Friday, 5 November 2010

IP and the Next Wave of Computers

"Microsoft is launching legal action against Motorola over its line of Android-based smartphones, claiming the manufacturer infringes a number of its patents. The lawsuit is the latest in a series of patent infringement cases being fought in the increasingly-competitive mobile market."
"The increasingly-popular Android software is also at the heart of a legal battle between Oracle and Google, while Nokia is embroiled in a long-running legal battle against Apple, and Apple is separately suing manufacturer HTC. Manufacturers have become quick off the mark in launching legal action against rivals, owing to a dynamic smartphone market across continents."

"Google and a reseller of its products have filed a lawsuit against the U.S. Department of the Interior after the agency solicited bids for cloud-based e-mail and messaging services specifying that bidders must use Microsoft products."

"Apple sues Motorola for infringing on patents related to multitouch and other access technologies in its Android smartphone lineup. Motorola had sued Apple earlier this month."

Everyday the tech news always seems to have at least one new case of some computer company suing another. With so much at stake, companies want to gain any advantage they can over their competitors. Intellectual Property is an issue that is rarely discussed. Convention states that we require IP in order for innovation to occur otherwise there would be no incentive to create new products and ideas. However its a similar fallacy to the one where governments state we need to create inflation otherwise the economy would tailspin into depression and stagnation - the opposite is in fact true. The abandonment of IP and patent laws would be a great benefit to society and on the contary would create huge amounts of innovation. 

Xerox Modern Desktop

Back in the late seventies and early eighties Xerox invented the first modern computer that we have all come familiar with. That is a computer with a mouse, keyboard and a graphical user interface. The team that came up with the concept couldn't convince the Xerox execs that it was a good idea, with them dismissing it stating devices such as the mouse would never catch on. Where Xerox couldn't see potential Apple could. Steve Jobs went over there with his lead engineers and they copied everything they saw. He realised that this was the future of computers. Bill Gates did a similar thing with Microsoft after seeing the technology, he also copied the concept. Desktop history was written.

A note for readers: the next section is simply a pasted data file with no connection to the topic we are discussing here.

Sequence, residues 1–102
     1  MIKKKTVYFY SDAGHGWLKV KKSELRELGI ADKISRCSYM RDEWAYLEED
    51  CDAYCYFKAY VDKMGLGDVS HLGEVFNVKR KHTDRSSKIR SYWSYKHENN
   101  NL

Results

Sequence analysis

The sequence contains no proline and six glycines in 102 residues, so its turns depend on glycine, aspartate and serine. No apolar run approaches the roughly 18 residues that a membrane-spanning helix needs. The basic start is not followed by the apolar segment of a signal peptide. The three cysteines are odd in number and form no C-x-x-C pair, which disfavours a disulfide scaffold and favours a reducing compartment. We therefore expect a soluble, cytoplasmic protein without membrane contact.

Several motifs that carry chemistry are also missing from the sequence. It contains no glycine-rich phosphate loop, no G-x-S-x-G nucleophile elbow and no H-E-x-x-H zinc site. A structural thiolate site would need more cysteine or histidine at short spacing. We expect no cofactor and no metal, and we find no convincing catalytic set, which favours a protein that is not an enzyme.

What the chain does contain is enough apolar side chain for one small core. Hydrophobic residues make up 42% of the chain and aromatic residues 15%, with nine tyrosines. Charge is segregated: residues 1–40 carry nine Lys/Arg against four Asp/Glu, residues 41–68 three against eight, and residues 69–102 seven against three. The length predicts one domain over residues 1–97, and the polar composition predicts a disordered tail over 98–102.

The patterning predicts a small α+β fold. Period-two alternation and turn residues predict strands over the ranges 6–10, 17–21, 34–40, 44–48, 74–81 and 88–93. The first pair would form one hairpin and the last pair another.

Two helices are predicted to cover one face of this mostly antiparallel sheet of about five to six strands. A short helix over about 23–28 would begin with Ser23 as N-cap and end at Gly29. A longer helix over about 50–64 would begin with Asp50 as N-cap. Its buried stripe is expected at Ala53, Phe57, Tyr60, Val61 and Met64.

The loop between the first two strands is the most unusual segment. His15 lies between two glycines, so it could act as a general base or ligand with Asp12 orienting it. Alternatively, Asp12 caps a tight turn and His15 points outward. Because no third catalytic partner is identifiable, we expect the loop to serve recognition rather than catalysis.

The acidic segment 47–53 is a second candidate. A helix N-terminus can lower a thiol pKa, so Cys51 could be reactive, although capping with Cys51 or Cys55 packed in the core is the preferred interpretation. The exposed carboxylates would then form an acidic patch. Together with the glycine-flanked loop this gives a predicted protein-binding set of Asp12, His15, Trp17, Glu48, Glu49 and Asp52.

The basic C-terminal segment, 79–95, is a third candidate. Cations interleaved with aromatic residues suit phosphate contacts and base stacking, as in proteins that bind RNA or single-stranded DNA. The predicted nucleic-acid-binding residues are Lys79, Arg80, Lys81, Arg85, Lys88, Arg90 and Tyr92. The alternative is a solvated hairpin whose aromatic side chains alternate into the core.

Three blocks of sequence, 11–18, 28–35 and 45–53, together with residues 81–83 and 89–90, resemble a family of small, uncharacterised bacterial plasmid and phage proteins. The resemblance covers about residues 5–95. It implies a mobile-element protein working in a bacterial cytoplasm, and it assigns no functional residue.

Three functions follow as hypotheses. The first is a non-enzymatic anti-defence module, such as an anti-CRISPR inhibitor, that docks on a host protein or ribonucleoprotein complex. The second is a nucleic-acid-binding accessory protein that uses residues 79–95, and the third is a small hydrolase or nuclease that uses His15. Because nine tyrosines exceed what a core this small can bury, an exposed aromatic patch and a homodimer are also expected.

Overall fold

With all the lawsuits going on regarding patenting touch gestures or even trivial operations such as email synchronisation on mobile devices can we imagine if Xerox had done the same? The desktop revolution would never have exploded as quickly as it did. Royalties would have been paid to the monopoly holder of the Patent keeping prices higher than what they should be and preventing other communities and individuals adding bells and whistles to the initial concept. Can you imagine if the person who invented electricity, cars or the jet engine had patent monopoly rights?

The idea that we need patents or IP to ensure innovation is scaremongering. Its big corporations trying to monopolise markets at the expense of society. A true free market is one where ideas are open and free to all. Choice is given to consumers. Prices are continually brought down. Quality is continually raised. Companies still have plenty of need to innovate without IP laws.


A common misconception is that the iPhone is the most superior phone you can currently get. Of course many realise this is not the case. There are many alternatives on the rapidly rising Android platform that have better technical specifications. The reason why people perceive the iPhone to be so good (apart from the glamorous advertising) is that it was the first slick smartphone on the market. It gained early market share, a critical concept for any company. Innovation is just as likely to occur under this premise as everyone wants initial market share. Companies and individuals would innovate under their own free will. Its in humans DNA. You don't need to patent ideas that make one person rich at the expense of everyone else. 

Open platforms have always been the most innovative. Telecommunications was heavily regulated up until the 1980's. The industry was a stagnant state monopoly. Then we gave it over to free enterprise and a plethora of gadgets and tools became available to us all. Companies all copied one another, putting out extras here and there as they would attempt to gain a competitive advantage over their rivals.